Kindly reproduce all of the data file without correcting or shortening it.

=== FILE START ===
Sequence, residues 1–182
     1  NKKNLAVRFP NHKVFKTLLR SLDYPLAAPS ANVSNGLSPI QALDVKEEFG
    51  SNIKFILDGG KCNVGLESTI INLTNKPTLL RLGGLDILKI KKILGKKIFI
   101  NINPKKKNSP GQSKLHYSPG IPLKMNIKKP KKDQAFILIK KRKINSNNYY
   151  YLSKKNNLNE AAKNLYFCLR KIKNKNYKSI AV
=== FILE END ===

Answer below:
Sequence, residues 1–182
     1  NKKNLAVRFP NHKVFKTLLR SLDYPLAAPS ANVSNGLSPI QALDVKEEFG
    51  SNIKFILDGG KCNVGLESTI INLTNKPTLL RLGGLDILKI KKILGKKIFI
   101  NINPKKKNSP GQSKLHYSPG IPLKMNIKKP KKDQAFILIK KRKINSNNYY
   151  YLSKKNNLNE AAKNLYFCLR KIKNKNYKSI AV